Yo Picasso (1997) for clarinet, viola, cello, and piano.

Thomas Oboe Lee

About this work:

Program note.

When Nancy Braithwaite Wiersdma and the Arto Ensemble asked me to write a piece for their 1997-98 season, I immediately thought the name “Arto” could be the source of some musical ideas for the piece.

Music inspired by the visual art is not something new. Mussorgsky composed his infamous “Pictures at an Exhibition” after viewing a memorial exhibition of paintings and drawings by Victor Alexandrovich Hartmann. Gunther Schuller, my teacher and mentor, composed one of his most memorable orchestral pieces entitled, “Six Studies on Themes by Paul Klee.”

Last spring as I was searching for ideas for this composition, I came upon a two-volume book on Picasso. In looking through these volumes I discovered that his work is very evocative of mood, atmosphere and drama. I thought I could easily translate into music what he does with color, harmony and texture.

The instrumentation of the “Arto” - Bb clarinet, viola, cello, and piano, which is essentially dark and low - also seems to reflect the moody, melancholic, and brooding atmosphere of Picasso's work. Conveniently, Picasso’s work falls into very distinctive periods which allows me to conjure up a series of movements which mirrors these stylistic changes in his career. The movements are:

I. For that haunting La buveuse d'absinthe or "The Absinthe Drinker" (Paris, 1901) from the Blue Period, some atmospheric music that could be described as withdrawn, sullen, and deliriously drunk.

II. From the Rose Period, Famille d'acrobates avec singe or "The Acrobat's Familly with a Monkey" (Paris, 1905) inspired a crazy waltz that could have been played by a circus band. The cascading falling runs are for the “Monkey” ...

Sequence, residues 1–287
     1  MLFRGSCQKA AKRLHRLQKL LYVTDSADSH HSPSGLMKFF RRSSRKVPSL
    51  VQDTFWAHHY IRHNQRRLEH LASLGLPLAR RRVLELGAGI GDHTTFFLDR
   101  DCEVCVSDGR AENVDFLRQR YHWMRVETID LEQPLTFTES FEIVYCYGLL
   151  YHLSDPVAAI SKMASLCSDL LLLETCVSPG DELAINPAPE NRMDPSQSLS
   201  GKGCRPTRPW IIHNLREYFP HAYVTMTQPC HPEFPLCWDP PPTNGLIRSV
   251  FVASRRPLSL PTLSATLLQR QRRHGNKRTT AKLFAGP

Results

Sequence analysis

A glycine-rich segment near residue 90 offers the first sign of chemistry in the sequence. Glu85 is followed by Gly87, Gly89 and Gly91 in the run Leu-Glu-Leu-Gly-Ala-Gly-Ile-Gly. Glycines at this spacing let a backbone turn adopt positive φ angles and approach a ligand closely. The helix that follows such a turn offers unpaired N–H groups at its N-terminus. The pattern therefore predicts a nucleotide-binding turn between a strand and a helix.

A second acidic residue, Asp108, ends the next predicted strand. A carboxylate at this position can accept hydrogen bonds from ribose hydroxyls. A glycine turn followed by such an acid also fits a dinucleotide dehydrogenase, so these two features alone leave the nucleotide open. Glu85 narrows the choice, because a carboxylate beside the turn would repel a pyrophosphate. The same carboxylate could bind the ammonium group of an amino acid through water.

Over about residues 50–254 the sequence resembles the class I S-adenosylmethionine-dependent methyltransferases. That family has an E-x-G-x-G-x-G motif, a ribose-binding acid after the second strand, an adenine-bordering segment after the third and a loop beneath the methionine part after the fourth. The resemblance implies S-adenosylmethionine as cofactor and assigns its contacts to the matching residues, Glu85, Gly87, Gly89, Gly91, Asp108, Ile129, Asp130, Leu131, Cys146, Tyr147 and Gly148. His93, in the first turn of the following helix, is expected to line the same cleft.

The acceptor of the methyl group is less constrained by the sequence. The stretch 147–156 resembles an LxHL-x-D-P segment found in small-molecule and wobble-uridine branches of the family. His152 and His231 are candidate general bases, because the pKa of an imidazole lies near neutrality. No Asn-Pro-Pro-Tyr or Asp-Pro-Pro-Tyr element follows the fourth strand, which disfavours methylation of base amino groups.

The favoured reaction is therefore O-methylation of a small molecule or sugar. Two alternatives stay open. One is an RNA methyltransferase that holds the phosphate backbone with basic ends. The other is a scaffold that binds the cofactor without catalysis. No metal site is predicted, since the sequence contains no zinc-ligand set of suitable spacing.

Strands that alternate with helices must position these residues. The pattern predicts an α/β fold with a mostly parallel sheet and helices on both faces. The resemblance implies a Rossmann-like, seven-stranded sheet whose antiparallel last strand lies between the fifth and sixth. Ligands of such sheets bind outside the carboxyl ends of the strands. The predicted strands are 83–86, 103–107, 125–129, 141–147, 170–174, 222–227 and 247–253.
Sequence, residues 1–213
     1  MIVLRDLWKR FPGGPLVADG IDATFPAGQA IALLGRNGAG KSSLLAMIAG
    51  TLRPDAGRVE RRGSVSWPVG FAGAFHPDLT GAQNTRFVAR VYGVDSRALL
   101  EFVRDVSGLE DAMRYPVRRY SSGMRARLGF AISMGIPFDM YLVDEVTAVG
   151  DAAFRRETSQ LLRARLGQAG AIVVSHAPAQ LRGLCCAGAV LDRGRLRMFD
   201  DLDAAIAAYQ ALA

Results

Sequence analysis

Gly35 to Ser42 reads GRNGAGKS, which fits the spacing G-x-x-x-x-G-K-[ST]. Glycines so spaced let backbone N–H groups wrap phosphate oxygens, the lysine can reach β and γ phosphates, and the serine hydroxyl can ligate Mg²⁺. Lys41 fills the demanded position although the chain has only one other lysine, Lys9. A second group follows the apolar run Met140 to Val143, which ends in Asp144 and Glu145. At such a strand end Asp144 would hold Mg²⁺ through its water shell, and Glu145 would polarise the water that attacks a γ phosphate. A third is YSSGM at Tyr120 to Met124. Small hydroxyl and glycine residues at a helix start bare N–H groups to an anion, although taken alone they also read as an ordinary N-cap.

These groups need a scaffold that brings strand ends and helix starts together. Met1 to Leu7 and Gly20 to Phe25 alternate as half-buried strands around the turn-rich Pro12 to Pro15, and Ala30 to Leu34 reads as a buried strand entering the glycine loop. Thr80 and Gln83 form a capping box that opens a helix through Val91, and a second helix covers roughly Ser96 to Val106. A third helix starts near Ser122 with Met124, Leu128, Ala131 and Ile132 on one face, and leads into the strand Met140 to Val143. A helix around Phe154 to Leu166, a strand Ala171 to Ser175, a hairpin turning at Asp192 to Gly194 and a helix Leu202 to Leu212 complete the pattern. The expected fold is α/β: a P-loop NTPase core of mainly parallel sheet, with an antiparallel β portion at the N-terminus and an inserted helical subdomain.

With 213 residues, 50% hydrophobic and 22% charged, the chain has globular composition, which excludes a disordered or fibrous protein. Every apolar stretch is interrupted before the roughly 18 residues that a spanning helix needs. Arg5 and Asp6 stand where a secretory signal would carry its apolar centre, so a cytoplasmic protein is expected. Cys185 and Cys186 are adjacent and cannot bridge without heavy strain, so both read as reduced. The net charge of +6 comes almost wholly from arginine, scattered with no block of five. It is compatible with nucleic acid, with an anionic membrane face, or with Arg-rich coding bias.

III. Les Demoiselles D'Avignon (Paris, 1907) inspired some sensuous, sexy, dreamy "bordello" music from way, ... way down south of the border.

IV. Cubism is visual art going ultra-modern, intellectual and abstract. For Bouteille de Bass, clarinette, guitare, violon, journal, as de trèfle or "Bottle of Bass, Clarinet, Guitar, Violin, Newspaper, Ace of Clubs" (Paris, 1913) an "abstract" movement punctuated by disjointed riffs and slam-dunks for Bb clarinet, viola and piano against a cello walking a jazz bass-line that refuses to join in ...

V. Art and politics finally join hands in the Picasso masterpiece, Guernica (Paris, 1937). What could be more appropriate than a little martial music that is "macho," brutal and relentlessly brutal?

Year composed: 1997
Duration: 00:15:00
Ensemble type: Unspecified Instrument(s):Ensemble
Instrumentation: 1 Clarinet, 1 Piano, 1 Viola, 1 Cello

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